Our recent Reshape Music report found that more than half of Disabled musicians who responded to our survey could not find a music teacher who met their learning style, suggesting a desperate need for training in inclusive practices for music teachers.
Oscar is a 17-year-old pianist and percussionist from West Berkshire. In a conversation with Georgina, a co-researcher on our Reshape Music report, Oscar spoke about the hurdles he has faced from a young age accessing music, and how he overcame them to become a member of the highly regarded National Open Youth Orchestra - the world’s first Disabled-led national youth orchestra for 11-25 year old Disabled and non-Disabled musicians.
Music makes me feel free and happy
Apart from NOYO, music is a huge part of Oscar’s life. He plays in a concert band run by his local Music Education Hub, Berkshire Maestros, and a pop group at school his mum Jayne runs as a volunteer. “It’s easy to make it fun, which is essentially what I do with the band, you know, I’m just making it fun. They enjoy it,” she says.
Playing in a group is one thing Oscar loves about music: “Last year I played at the Barbican with NOYO. The orchestra was huge and it made a big sound, I loved it.” When he’s not playing music, he loves to hike. Oscar says both music and hiking make him feel “free and happy”.
Aside from the pop group, there is no music education or specialist music teacher available at the special school Oscar attends. To take part in classroom music lessons, Oscar needs to travel to the local mainstream school with support from a teaching assistant.
However, when it came to completing his GCSE Music qualification, there wasn’t enough resource for a teaching assistant from Oscar’s school to accompany him. Thankfully, Jayne was able to step in. “We went in and did the lessons,” Jayne explains, “and any homework, we did at home, so it was entirely separate from his school.”
“I have a music degree, this is why I can help in the way I can,” she says. “Otherwise, it might not have happened. With the theory, it takes a while for him to take it in. A teaching assistant would need to know about music, and there was nobody there to do it.”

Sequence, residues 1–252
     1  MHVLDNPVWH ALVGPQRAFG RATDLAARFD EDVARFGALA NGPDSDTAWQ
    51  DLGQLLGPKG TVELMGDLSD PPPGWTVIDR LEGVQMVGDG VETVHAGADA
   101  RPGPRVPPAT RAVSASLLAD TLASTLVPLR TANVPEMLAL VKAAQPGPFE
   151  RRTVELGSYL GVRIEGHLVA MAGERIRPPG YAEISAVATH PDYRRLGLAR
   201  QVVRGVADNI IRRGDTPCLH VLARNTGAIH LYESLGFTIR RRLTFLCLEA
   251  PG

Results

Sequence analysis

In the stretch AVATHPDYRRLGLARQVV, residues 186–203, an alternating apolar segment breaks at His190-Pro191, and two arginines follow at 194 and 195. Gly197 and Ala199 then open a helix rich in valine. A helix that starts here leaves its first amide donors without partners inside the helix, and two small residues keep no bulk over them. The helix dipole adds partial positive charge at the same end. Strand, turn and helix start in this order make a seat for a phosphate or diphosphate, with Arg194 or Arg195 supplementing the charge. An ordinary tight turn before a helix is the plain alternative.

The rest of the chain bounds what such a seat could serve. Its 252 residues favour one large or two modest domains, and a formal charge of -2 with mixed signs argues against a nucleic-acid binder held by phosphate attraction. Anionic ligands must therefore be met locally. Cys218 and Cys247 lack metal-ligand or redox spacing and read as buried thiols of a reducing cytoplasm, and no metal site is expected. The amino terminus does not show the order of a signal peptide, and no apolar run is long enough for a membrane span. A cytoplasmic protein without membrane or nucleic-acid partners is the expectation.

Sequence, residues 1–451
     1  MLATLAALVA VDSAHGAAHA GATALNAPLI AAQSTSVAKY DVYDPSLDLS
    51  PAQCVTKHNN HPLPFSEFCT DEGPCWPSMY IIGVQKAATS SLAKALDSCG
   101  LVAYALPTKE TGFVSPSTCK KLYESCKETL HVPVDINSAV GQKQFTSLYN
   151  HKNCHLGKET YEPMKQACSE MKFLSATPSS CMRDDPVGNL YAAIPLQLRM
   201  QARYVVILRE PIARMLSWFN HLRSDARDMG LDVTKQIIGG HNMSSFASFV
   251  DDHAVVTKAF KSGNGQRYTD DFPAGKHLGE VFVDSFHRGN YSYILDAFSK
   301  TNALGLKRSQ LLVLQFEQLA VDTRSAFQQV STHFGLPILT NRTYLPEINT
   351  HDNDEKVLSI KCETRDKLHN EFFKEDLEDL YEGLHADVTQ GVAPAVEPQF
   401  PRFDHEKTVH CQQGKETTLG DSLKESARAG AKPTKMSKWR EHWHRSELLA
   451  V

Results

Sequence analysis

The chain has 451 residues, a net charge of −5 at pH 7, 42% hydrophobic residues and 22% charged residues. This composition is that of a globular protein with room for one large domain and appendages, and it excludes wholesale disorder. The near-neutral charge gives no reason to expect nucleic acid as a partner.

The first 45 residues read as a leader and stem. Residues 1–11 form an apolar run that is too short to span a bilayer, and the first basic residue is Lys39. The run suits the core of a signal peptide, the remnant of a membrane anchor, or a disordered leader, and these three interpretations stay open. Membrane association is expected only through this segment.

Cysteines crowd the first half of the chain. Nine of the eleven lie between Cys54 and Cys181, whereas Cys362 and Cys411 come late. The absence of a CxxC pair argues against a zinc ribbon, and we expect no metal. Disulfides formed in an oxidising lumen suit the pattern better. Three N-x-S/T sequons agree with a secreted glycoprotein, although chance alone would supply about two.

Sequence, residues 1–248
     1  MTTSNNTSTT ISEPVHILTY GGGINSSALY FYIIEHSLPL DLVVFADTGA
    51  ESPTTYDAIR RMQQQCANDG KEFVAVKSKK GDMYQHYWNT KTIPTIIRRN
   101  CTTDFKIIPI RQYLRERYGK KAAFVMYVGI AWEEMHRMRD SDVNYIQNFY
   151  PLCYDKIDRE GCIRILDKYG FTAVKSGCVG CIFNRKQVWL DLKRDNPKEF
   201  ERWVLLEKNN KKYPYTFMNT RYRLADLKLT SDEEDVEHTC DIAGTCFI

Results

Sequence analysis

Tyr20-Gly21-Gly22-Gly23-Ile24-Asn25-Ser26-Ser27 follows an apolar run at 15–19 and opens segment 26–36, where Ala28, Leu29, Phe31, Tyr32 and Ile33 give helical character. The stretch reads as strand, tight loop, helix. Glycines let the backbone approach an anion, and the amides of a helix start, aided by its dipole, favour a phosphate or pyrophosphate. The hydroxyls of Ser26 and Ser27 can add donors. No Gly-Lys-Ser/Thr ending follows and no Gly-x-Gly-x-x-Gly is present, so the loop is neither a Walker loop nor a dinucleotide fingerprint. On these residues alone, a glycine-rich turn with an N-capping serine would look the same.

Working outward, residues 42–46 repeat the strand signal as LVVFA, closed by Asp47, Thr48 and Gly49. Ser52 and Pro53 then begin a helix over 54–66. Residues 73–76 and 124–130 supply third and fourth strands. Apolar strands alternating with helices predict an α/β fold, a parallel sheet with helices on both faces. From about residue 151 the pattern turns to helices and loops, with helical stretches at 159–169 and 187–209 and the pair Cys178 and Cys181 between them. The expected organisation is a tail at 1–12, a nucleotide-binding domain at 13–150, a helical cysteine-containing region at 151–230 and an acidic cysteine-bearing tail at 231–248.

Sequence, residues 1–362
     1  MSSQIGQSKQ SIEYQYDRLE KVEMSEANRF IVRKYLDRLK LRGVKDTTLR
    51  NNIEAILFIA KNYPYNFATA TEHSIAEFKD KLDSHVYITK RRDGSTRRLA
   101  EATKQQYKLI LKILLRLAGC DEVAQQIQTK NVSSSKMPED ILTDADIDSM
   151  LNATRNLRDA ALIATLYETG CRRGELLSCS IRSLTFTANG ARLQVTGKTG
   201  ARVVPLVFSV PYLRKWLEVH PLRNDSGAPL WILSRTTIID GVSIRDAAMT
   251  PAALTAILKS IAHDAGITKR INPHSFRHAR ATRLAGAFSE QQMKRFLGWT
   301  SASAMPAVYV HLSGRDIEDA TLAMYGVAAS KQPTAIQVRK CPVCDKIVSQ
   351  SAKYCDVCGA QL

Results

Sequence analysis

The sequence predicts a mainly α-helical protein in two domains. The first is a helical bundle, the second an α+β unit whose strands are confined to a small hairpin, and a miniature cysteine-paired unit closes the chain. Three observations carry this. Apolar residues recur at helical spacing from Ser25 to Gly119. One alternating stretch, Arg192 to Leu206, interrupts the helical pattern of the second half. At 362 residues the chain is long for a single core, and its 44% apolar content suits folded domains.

Unlike some Disabled musicians, Oscar has the support of many music leaders and teachers, as well as his mum. Oscar says his piano teacher “challenges and really encourages” him. Jayne adds that the teacher “sees the potential rather than the disability”, and challenges Oscar “as she would [challenge] anybody”. “She treats me like normal”, says Oscar.
When Oscar plays with NOYO, there are additional measures in place to support him. However, at other orchestral and concert band rehearsals, Jayne provides Oscar with additional support:
“Conductors, in the moment, doing the music-making, are not thinking necessarily about modifying things,” for musicians like Oscar who need more time to process instructions, explains Jayne, “so that’s why I need to be there”. Jayne supports Oscar with things like finding his place in the score of an orchestral piece or thinking about which sticks he needs to play various percussion instruments.
But not every musician has this kind of support from parents and teachers. Jayne suggests changes like using clear, simple language in rehearsal settings could be a good way to support more musicians like Oscar with their musical progress.
Despite the barriers Oscar has faced along the way, he’s working towards several musical goals such as Grade 8 piano and Grade 7 percussion. He has support from his private instrumental teachers and Berkshire Maestros.
He’s also working with his teachers to improve his improvising and sight-reading skills, and after he’s finished school his ambition is to go to music college.
Oscar’s best advice for young musicians like him is to “keep practising”. He says, “you will get better and really enjoy it”.
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“I have managed to do exactly what I wanted to do and I’m not a full able-bodied person firing on all cylinders. If that message could get out to anyone who needs it, that would be great."